Objectant's counsel asserts that, by her actions described above, the testator cancelled the Will thereby causing it to be revoked pursuant to EPTL §3-4.1 (a)(2)(A)(i). That section reads as follows:
(2) A will may be revoked by:(A) An act of burning, tearing, cutting, cancellation, obliteration, or othermutilation or destruction performed by: (italics and bold added)
(i) The testator.
As there was no burning, tearing, cutting, obliteration or other mutilation or destruction of the Will, the issue is whether the testator's actions, as described above, cancelled it. Objectant's counsel cites several cases in support of his contention that is does including In re Alger's Will, 38 Misc 143 (1902) [citing Warner v Warner's Estate, 37 Vt. 356]; In re Semler's Will, 176 Misc 687 (1941); and In re Parson's Will, 119 Misc [*3]26 (1922).
Objectant's counsel asserts that this case is most similar to the facts in In re Parson's Will, supra, wherein the Court found a cancellation. In that case the testator wrote these words across the face of the Will:
"This Will is hereby revoked Geo. W. Parsons."
The Court held that when words of revocation and signature are written directly across the face of the Will it obliterates or cancels other words, thereby expressing the intent of the testator to annul them. However, in this case the testator's placement of her handwriting on the Will makes it quite evident that she was avoiding contact with the words of the Will as none of her writing obliterated or cancelled a single letter.
In support of his motion to strike the objections, the attorney-proponent of the Will cites Matter of Akers, 74 A.D. 461, aff'd. 173 NY 620. In Matter of Akers the Will was written on ruled legal cap paper in the handwriting of the testator. On the first page of the Will, in the blank marginal space running lengthwise, was written in the handwriting of the testator the words:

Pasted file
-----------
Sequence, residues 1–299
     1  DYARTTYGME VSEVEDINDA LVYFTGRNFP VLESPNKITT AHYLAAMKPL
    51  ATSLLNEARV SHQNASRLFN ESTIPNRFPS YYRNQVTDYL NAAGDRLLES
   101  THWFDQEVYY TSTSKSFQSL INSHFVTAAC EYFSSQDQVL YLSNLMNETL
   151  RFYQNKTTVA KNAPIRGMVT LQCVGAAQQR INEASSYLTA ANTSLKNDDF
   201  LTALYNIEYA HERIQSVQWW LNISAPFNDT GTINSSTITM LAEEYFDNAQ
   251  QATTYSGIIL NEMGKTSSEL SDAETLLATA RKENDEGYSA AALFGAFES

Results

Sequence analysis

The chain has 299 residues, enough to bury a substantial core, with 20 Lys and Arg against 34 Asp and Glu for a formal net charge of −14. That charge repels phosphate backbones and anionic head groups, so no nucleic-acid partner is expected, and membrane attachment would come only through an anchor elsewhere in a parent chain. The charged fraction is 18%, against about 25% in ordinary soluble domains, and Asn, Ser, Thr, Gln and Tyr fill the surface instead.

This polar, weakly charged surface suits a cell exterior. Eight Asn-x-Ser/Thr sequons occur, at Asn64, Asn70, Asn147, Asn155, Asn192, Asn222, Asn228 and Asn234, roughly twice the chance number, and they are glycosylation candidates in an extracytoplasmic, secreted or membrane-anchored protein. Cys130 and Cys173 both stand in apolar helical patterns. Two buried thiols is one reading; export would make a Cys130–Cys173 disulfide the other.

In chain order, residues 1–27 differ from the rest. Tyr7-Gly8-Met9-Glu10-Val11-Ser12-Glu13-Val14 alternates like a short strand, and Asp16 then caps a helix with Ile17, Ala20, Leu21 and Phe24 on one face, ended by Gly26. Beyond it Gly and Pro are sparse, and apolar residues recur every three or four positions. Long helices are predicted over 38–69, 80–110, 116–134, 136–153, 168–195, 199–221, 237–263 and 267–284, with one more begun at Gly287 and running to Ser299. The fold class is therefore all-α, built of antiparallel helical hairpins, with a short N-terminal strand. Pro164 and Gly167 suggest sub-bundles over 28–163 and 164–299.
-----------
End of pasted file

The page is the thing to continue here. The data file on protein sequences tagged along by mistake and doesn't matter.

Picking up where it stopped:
"This Will and Codicil is revoked, Jany 14/96".
Under this line was the signature of the testator. Just as in this case, in Matter of Akers none of the words or the testator's signature were written across, nor did they come in contact with, any of the typewritten words of the Will. The Court in Matter of Akers ruled as follows:"There can be no such thing as a cancellation of an instrument, either as a physical fact or as a legal significance, unless the instrument thereof is in some way defaced or obliterated".
As mentioned above, Objectant's counsel only asserts that the testator's conduct caused a cancellation of the Will. However, the Court notes that even if it were argued that the testator's handwritten note at the top of the Will revoked it by writing [See EPTL §3-4.1(a)(1)(B)], that contention would fail as it was not executed with the formalities required by statute.
Based on the foregoing, the Court finds that the actions of the testator, purportedly taken on August 22, 2007, do not constitute a valid cancellation, nor a written revocation, of the Will offered for probate in this proceeding. Accordingly, it is hereby
ORDERED that Objectant's motion for summary judgment sustaining the objections is DENIED and proponent's motion for summary judgment striking the objections is GRANTED. The Clerk of the Court is directed to issue a Decree striking the objections, admitting the November 4, 2003 Will of the testator to probate and appointing Donald R. Gerace, Esq. as executor.
This constitutes the Decision and Order of this Court.
Dated: June 26, 2015ENTER:
Utica, New York
HON. LOUIS P. GIGLIOTTI, SURROGATE Footnotes
Footnote 1:Mr. Powers is the son of the Objectant and provided the Court with a certified copy of a durable power of attorney, signed by Patricia Dunn Powers on August 17, 1990, appointing him as her attorney-in-fact and granting him full powers including authority over estate transactions.
Footnote 2:The attached sheets were not executed with the formalities required by Estates, Powers and Trusts Law ("EPTL")§3-2.1 and, as such, no party herein contends that it is a valid subsequent Will.